Paul Murphy and Averil Power use the crowd to raise campaign funds

It’s not just Obama and Sanders. Irish politicians, too, are using crowdfunding to raise campaign funds


Crowdfunding may be more commonly associated with the latest innovations and technology – or indeed cat cafes – but it has also been used to good effect to raise money to fund political campaigns.

In the US, political machines have proven themselves to be particularly adept at it. While it was pioneered by outgoing president Barack Obama, his putative successor, Bernie Sanders, has of late shown himself to be no slouch either when it comes to raising money from the “crowd”. He has mobilised his campaign to win the Democrat candidacy in the upcoming presidential election by tapping not big corporate donors, but thousands of smaller ones, allowing supporters to contribute between $15 and $1,000 via his website.

Here in Ireland, political crowdfunding is still new, but there have been some notable successes, such as last year’s “Yes” campaign in the marriage equality referendum. This raised €100,000 from almost 1,500 people via global crowdfunding giant Indiegogo.

While not yet widespread in Ireland, the run-up to this election has shown that it has become an increasingly useful way for candidates, particularly Independents or those in smaller parties, to raise funds to buy the posters, leaflets and badges they need to run a campaign in the general election. So how is it working out for them?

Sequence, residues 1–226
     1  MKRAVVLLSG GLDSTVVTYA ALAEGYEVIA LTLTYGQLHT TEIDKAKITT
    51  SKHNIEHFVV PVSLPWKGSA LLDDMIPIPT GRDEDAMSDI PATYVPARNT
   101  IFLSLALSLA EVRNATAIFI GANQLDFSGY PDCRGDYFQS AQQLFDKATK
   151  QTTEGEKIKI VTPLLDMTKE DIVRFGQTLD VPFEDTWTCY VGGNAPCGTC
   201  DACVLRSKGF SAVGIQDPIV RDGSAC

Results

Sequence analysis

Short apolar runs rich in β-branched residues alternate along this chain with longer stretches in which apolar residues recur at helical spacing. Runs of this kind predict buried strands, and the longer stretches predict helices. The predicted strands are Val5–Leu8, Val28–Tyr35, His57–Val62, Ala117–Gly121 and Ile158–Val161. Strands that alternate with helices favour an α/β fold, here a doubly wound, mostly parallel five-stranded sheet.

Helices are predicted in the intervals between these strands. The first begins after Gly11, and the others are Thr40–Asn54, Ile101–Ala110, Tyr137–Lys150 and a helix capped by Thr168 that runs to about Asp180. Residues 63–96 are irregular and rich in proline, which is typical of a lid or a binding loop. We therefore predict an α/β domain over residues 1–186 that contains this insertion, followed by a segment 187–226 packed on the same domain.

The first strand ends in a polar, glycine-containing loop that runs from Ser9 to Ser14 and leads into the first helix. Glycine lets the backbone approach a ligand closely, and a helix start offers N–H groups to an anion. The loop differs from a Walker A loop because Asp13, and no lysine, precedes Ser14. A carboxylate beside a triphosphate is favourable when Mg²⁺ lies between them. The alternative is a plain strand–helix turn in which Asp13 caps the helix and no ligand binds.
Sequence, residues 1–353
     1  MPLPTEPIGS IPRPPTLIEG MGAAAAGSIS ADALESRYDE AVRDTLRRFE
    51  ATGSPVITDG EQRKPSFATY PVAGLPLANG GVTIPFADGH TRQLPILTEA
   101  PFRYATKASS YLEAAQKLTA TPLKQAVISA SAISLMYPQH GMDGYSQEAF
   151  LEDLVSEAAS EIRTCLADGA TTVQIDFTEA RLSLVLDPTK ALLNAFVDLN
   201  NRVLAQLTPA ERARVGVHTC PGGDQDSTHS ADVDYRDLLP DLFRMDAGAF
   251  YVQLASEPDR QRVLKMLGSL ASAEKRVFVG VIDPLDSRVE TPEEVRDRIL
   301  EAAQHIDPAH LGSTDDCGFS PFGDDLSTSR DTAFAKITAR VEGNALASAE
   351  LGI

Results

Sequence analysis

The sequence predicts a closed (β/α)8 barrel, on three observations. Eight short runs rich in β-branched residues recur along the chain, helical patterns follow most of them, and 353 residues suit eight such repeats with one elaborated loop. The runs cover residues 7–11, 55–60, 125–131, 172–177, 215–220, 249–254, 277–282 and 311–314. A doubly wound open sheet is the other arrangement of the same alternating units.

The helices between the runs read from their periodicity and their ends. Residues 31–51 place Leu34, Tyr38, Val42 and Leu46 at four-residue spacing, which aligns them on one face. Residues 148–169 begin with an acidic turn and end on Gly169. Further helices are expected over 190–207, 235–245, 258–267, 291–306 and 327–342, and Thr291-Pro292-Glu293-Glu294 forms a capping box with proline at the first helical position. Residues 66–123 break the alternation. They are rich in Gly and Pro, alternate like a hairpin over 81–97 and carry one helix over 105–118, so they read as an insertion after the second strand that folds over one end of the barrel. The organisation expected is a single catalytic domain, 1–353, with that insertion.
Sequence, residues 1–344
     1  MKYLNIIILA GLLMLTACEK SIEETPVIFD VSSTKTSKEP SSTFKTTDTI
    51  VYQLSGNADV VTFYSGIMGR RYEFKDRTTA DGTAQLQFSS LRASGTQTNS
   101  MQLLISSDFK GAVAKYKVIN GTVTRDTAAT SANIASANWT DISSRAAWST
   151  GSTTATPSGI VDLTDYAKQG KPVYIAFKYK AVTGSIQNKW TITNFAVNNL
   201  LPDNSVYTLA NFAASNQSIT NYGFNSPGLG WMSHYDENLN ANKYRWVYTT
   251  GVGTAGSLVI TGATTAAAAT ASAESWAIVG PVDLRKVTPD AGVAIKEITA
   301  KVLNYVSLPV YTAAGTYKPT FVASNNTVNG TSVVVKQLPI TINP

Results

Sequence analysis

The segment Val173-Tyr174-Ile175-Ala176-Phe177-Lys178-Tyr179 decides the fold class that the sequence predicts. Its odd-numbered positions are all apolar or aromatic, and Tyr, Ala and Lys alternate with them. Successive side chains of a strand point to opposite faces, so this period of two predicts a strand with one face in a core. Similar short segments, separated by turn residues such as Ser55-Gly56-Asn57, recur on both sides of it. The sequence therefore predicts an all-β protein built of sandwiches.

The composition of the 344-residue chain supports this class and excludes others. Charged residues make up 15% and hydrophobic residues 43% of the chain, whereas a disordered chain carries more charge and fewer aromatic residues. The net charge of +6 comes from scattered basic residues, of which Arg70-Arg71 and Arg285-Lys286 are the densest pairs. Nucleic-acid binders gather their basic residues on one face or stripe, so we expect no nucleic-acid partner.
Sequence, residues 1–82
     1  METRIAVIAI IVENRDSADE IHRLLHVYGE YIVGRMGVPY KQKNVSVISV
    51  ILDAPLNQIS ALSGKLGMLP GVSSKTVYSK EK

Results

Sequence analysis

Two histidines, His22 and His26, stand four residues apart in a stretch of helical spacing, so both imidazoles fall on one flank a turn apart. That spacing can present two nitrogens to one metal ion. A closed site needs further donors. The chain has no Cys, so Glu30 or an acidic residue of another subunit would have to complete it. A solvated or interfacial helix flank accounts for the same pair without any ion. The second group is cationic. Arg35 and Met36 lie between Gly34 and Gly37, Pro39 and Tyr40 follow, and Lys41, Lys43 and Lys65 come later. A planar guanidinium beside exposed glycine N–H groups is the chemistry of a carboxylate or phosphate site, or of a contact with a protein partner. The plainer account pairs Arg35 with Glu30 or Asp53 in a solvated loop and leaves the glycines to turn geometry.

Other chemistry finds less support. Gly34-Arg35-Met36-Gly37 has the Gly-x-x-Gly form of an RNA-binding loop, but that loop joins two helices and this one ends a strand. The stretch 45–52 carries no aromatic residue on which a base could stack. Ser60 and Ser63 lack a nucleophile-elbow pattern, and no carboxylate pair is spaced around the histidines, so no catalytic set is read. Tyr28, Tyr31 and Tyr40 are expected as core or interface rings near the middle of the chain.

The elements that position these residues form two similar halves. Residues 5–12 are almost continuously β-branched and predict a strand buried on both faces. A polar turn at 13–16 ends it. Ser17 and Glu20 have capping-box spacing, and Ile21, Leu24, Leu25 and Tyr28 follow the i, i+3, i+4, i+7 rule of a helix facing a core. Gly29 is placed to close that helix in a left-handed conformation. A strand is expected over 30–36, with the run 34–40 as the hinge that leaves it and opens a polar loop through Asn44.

Who’s using crowdfunding to fund their election campaign?

Fianna Fáil

Having left the party machine behind, Power says it’s a challenge to raise the money for a campaign, which she expects will cost about €30,000.

“It’s far harder being an Independent from two perspectives: you don’t have a party organisation to rely on and parties have multimillion euro war-chests ready to go,” she says, adding that she hopes that crowdfunding, as well as traditional events such as table quizzes, etc, and a personal loan, will help to fill the gap.

“The objective is to pick up small bits of funding from lots of different sources,” she says. “Organising events takes a lot of effort; crowdfunding is the easiest way of raising money.”

Another plus is that it’s also very transparent, so “everyone can see what you’ve raised”, she says.

And Power is not the only one hoping to emulate the success of their American counterparts.

In Sligo-Leitrim, Cllr Declan Bree is also looking to raise funds to run as an Independent, while in Cork, Green candidate Oliver Moran ran a campaign earlier this year looking to raise money to put towards his social media campaign.

Ken Curtin is hoping to take a seat in Cork East for the Social Democrats and is looking to raise money to fund his campaign on Indiegogo.

Back in Dublin, two Anti-Austerity Alliance candidates, Paul Murphy and Sandra Fay, are using Gofundme to raise money to fund their campaigns.

Are they successful?

There are those, however, who are close to hitting their targets.